Changes to mandatory COVID-19 isolation periods

The rules for mandatory five-day COVID-19 isolation periods are changing in October 2022.

Employers should check for any requirements that may still apply to them. This includes any awards, registered agreements, employment contracts and workplace policies for relevant requirements or other information.

Some may still be required to isolate in some circumstances, for example, workers in high-risk settings such as aged care, disability care, Aboriginal healthcare and hospital care.

Employer directing the employee not to come to work

Employers may be able to direct an employee not to attend the workplace when they’re sick. If this happens, the employee isn’t entitled to be paid unless they take paid sick leave or some other type of paid leave.

Some employers might want an employee not to attend work as a precaution. If an employer tells a full-time or part-time employee not to come to work as a precaution, the employee has to be paid.

Taking sick or carer’s leave

If an employee is sick with COVID-19 or needs to care for a family or household member, they may be able to take paid or unpaid sick or carer’s leave.

Full-time and part-time employees can take paid sick leave if they can’t work because they’re sick with COVID-19. They can also take paid carer’s leave when they need to look after an immediate family or household member who is sick with COVID-19 or has an unexpected emergency.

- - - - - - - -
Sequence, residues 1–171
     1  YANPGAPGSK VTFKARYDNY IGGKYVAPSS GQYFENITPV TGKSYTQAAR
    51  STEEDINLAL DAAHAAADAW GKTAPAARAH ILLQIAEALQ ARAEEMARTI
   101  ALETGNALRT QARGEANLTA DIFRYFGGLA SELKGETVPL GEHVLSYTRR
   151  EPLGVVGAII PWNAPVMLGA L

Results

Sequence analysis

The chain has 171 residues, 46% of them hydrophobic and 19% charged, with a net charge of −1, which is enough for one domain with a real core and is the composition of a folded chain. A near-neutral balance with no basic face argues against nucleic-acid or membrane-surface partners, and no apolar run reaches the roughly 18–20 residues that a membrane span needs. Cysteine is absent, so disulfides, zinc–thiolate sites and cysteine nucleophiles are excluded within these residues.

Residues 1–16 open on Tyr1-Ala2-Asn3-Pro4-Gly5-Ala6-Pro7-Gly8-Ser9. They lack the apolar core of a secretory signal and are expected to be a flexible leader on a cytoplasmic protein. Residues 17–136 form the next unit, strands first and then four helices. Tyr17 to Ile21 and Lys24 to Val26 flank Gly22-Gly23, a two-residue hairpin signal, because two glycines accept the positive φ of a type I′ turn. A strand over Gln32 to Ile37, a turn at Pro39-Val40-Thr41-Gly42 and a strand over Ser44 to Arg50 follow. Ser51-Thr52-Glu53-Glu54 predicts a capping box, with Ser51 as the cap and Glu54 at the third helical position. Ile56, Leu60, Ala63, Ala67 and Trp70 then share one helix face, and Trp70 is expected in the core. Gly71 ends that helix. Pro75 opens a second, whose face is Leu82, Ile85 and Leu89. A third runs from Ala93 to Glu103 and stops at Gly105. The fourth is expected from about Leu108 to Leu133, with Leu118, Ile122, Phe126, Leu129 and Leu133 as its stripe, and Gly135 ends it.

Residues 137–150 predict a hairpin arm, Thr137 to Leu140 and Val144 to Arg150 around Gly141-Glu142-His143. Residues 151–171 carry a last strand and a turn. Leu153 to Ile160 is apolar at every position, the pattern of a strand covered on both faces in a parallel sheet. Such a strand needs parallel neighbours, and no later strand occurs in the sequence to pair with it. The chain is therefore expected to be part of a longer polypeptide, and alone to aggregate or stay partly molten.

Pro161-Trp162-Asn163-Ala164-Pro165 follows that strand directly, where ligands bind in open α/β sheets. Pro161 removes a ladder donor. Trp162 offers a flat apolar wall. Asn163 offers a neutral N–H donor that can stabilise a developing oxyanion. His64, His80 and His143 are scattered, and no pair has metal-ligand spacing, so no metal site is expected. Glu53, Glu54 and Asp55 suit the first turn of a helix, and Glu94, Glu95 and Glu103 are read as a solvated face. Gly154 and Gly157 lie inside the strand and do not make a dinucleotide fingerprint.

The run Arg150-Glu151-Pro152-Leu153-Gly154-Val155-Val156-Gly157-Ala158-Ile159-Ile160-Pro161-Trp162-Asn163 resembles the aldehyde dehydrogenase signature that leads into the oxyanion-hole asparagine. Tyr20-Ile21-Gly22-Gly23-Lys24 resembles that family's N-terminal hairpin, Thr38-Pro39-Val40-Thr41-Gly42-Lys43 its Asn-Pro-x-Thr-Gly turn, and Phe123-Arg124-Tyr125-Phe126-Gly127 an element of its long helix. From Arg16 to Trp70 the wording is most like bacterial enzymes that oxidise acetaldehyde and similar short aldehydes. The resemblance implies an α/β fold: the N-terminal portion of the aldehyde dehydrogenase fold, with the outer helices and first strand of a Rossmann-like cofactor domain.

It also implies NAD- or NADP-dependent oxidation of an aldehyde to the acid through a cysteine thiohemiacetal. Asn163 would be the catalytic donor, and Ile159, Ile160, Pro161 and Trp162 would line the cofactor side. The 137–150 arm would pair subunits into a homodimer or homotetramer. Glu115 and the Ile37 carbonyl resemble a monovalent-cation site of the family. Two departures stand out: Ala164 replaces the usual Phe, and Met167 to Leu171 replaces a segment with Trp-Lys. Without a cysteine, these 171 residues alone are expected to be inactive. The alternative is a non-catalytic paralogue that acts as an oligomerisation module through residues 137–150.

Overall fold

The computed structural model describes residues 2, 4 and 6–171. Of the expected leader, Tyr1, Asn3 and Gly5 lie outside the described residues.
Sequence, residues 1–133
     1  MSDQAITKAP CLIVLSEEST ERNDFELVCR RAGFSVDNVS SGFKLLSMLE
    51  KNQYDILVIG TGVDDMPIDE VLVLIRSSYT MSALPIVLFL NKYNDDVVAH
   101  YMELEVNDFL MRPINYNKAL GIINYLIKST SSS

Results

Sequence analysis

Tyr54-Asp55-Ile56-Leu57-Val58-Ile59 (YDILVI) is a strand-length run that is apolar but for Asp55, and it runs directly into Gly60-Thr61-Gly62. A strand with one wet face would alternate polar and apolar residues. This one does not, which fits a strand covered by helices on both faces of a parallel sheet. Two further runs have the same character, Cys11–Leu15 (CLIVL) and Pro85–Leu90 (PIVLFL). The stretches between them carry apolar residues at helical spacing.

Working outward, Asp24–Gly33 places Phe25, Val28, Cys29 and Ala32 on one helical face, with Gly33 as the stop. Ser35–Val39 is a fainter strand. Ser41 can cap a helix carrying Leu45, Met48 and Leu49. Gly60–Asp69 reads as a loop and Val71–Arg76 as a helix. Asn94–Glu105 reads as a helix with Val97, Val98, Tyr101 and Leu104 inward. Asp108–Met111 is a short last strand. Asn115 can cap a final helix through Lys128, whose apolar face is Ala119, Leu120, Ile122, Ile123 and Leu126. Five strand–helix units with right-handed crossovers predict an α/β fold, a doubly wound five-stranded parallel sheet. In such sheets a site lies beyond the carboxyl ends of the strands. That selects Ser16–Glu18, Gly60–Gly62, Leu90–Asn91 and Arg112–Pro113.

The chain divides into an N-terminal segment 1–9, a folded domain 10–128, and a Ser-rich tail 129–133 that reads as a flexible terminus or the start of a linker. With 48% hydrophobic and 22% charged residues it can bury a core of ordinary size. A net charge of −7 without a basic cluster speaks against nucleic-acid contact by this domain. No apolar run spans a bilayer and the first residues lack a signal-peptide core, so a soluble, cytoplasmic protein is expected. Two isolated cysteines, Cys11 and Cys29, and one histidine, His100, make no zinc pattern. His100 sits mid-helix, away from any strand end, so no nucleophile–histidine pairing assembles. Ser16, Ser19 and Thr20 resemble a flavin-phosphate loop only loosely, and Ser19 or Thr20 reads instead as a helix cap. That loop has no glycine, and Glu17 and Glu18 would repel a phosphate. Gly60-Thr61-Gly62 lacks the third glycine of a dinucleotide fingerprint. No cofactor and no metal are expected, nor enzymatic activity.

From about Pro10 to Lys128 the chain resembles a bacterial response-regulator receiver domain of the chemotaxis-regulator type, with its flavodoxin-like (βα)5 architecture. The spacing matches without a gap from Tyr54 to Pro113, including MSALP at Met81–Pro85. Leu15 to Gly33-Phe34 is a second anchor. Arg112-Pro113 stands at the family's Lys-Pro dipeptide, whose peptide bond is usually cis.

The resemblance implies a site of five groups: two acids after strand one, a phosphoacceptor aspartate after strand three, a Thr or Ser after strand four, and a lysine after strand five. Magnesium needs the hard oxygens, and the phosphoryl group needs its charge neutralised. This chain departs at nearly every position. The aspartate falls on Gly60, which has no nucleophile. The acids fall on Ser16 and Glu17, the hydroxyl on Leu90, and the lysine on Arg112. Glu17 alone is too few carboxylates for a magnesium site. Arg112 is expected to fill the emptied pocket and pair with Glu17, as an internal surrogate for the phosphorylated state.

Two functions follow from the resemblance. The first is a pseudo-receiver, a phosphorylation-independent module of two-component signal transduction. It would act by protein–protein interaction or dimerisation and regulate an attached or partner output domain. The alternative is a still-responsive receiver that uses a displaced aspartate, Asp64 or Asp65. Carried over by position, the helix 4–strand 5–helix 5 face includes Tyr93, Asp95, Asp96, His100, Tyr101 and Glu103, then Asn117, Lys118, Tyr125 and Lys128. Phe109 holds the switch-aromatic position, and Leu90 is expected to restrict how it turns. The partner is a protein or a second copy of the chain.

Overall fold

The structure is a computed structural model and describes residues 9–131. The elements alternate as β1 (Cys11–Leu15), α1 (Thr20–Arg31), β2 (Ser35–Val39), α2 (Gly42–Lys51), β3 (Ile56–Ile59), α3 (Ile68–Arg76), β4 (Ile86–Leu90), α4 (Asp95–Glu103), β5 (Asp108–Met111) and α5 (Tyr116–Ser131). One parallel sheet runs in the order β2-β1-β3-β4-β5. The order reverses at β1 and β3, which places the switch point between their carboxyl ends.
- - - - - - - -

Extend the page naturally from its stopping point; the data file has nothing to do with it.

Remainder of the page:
Casual employees aren’t entitled to paid sick or carer’s leave, and they are paid a casual loading instead of accumulating paid leave entitlements.

Casuals who need to care for an immediate family member or household member who is sick can take two days of unpaid carer’s leave on each occasion. Notice and evidence requirements can apply.

If a casual employee is sick and can’t attend work, they should discuss their options with their employer. This may include staying away until they’re well.

Note: Casual and contract workers in Victoria may be able to access the Victorian Sick Pay Guarantee payment. Employers are not involved in applications or administration of the Sick Pay Guarantee.

Employers are encouraged to support workers to take time off when they are sick or need to care for loved ones.

Astute Business Consultants

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